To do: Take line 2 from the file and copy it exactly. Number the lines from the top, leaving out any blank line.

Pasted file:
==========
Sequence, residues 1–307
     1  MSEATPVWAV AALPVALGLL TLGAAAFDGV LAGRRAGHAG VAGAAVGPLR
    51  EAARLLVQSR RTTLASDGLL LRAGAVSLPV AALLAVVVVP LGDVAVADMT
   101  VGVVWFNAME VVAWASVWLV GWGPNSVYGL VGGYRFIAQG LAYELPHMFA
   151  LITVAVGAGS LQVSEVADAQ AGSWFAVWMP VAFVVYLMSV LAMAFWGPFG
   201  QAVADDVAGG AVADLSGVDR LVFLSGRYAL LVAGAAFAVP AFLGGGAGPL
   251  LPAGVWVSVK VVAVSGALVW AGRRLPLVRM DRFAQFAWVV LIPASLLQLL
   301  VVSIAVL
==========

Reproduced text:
     1  MSEATPVWAV AALPVALGLL TLGAAAFDGV LAGRRAGHAG VAGAAVGPLR